Head Trauma Strongly Linked To Chronic Traumatic Encephalopathy But Precise Relationship Not Yet Known
No consensus on causation
Rejecting the blanket conclusion that there is a definitive causal and effect connection between repetitive head trauma and CTE, the most recent international consensus statement on concussion in sport (“Zurich statement”) (now four years old and about to be superseded by a 5th consensus statement which will come out a conference in Berlin, Germany in October 2016 (13), cautions that a relationship has “not yet been demonstrated between CTE and concussions or exposure to contact sports.”
It notes that “there are no published epidemiological, cohort or prospective studies relating to modern CTE. Owing to the nature of the case reports and pathological case series that have been published [including the McKee studies], it is not possible to determine the causality or risk factors with any certainty.”
“As such, the speculation that repeated concussion or subconcussive impacts cause CTE remains unproven,” the Zurich statement continues. “The extent to which age-related changes, psychiatric or mental health illness, alcohol/drug use or co-existing medical or dementing illnesses contributed to this process is largely unaccounted for in the published literature. [As a result], the interpretation of causation in the modern CTE case studies should proceed cautiously.”
Remarkably, the Zurich statement discussion of CTE concludes with a direct shot at the media in which it recognizes the importance of addressing the “fears of parents/athletes from media pressure related to the possibility of CTE.” Such a view is echoed by Randolph in the 2013 NFL retiree study (26), in which he laments that “the media attention to this issue continues to far outweigh any meaningful results from sound experimental science,” and in four other recent literature reviews. (39-42)
“Doth protest too much, methinks” (29)
There was, not surprisingly, immediate pushback upon the Zurich statement’s release in March 2013 from the research group at CSTE, the group most associated with the argument – repeated by many in the media – that such a causal connection had already been proven.
Said one of the Zurich statement co-authors, Dr. Robert Cantu, MomsTEAM concussion expert emeritus and CSTE director, in an interview with NewJersey.com. (15) “When I saw that [it said] we need more data in terms of CTE, I wrote to the other authors, in essence, ‘What the hell do you mean that we need more data?’ The whole breadth of the document is large, and 99 percent of it it I strongly support. But that part of it, I don’t support at all. Frankly, it stunned me.”
Dr. Cantu’s colleague, Dr. Ann McKee, likewise expressed befuddlement at the Zurich statement’s treatment of CTE, telling NewJersey.com, “This is a time that calls for immediate action to reduce the amount of head trauma experienced by athletes in all sports to prevent CTE.” She asserted that it would be “irresponsible to justify inaction by requesting a level of scientific proof that will take decades to acquire,” expressing the fear that, to suggest that CTE “may not be part of the impact exposure, but rather due to other yet unidentified factors,” could give tacit permission to those who play collision sports to proceed as if there is no urgent problem when concussions arise.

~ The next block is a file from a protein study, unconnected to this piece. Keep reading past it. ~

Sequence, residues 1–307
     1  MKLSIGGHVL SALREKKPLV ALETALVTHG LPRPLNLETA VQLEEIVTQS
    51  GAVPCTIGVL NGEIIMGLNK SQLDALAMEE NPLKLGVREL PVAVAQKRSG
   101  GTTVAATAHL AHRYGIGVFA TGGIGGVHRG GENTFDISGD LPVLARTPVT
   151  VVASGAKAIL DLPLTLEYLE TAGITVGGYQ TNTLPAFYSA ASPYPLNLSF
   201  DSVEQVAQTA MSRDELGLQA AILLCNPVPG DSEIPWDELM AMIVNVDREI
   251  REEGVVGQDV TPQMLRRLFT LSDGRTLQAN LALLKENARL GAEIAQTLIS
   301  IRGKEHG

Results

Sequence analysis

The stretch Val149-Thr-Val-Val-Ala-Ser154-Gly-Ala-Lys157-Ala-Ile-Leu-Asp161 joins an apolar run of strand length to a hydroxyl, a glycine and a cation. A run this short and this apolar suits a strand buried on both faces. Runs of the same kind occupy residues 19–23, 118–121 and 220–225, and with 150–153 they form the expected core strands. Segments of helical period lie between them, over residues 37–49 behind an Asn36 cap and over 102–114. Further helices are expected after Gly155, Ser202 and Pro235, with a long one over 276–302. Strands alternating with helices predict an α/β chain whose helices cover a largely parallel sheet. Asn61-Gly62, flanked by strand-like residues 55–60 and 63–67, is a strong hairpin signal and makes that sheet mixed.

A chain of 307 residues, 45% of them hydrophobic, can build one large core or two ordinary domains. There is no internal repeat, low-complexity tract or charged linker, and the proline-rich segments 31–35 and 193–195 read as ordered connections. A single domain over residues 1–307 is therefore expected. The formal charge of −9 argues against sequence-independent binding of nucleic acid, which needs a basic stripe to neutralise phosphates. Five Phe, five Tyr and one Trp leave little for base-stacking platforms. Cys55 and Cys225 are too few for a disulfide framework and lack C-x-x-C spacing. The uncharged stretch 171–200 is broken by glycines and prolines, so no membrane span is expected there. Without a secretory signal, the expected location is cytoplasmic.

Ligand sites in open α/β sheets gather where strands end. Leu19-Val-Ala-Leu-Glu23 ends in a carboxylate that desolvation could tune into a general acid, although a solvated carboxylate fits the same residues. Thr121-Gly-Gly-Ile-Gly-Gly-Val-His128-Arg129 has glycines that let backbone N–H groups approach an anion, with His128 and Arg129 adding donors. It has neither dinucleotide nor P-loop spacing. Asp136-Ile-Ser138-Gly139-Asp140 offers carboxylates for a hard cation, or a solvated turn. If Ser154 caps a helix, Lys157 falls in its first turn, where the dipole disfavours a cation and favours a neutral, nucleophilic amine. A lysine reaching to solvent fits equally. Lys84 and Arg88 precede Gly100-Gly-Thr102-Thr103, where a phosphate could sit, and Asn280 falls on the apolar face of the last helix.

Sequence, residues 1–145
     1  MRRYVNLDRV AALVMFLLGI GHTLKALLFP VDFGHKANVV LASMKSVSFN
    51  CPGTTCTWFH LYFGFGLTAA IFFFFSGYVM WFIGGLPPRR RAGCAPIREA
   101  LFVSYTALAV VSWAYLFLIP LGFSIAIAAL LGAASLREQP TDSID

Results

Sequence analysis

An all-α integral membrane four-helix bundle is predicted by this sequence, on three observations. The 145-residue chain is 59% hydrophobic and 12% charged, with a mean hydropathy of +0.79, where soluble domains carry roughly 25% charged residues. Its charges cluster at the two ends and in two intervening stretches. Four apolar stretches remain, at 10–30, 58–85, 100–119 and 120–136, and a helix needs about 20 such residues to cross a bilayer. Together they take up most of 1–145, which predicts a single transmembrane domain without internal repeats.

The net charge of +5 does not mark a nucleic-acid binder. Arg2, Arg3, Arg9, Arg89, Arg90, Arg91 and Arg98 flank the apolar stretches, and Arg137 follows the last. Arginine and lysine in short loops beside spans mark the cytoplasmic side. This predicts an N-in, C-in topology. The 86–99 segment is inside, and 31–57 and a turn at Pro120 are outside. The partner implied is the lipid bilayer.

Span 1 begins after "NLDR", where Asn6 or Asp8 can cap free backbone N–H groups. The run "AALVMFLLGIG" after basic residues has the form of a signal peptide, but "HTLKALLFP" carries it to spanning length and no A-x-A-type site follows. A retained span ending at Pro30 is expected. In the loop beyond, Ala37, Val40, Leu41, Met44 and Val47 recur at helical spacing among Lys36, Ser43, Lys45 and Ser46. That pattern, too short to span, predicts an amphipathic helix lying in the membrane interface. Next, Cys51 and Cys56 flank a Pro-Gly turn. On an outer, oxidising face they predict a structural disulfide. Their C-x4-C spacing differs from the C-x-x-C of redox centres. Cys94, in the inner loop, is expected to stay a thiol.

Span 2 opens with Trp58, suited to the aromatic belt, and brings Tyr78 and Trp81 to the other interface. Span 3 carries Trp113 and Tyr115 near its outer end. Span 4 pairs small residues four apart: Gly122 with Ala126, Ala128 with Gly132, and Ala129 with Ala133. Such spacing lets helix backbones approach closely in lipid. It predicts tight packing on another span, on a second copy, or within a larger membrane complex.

It wasn’t intended to have such an implication, Dr. Rosemarie Scolaro Moser, a member of SmartTeams concussion group and sports concussion neuropsychologist, told NewJersey.com. Instead, she cautioned that it would be jumping to conclusions to say, ‘If you play football, you’re probably going to get CTE.’ Which is not the case. So what differentiates those with CTE from those who don’t have it? That’s what we need to know.”
It remains to be seen what the participants in the 5th quadrennial international concussion conference, scheduled for October 27-28, 2016 in Berlin, will decide to say about CTE in light of the state of research in the four years since Zurich.
There nevertheless remains continued skepticism by many in the medical, scientific, and concussion research communities as to whether repetitive head impacts can, in and of themselves, cause CTE.
As an August 2015 editorial in the British Journal of Medicine editorial (67) put it: “It still remains unclear if brain damage is an inevitable consequence or an avoidable risk of [contact or collision sports].”
Dr. McKee’s “study of brains with CTE appear to be all former NFL players, 1 from high school and 1 from college, but what about soccer players?” wondered Scott L. Bruce, MS, ATC, co-author of the 2004 NATA Position Statement on Sports-related Concussions and Founder of the Chattanooga Concussion Prevention Initiative, in a comment to a concussion blog entry (17) after viewing the PBS Frontline documentary League of Denial in which she was featured.
“Or what about athletes from other sports? What about females vs. males? What about those players who play college football, but never go on to play in the NFL? Of the number of high school players who never play college football? Are any of their brains examined for CTE? If so, what were the findings?”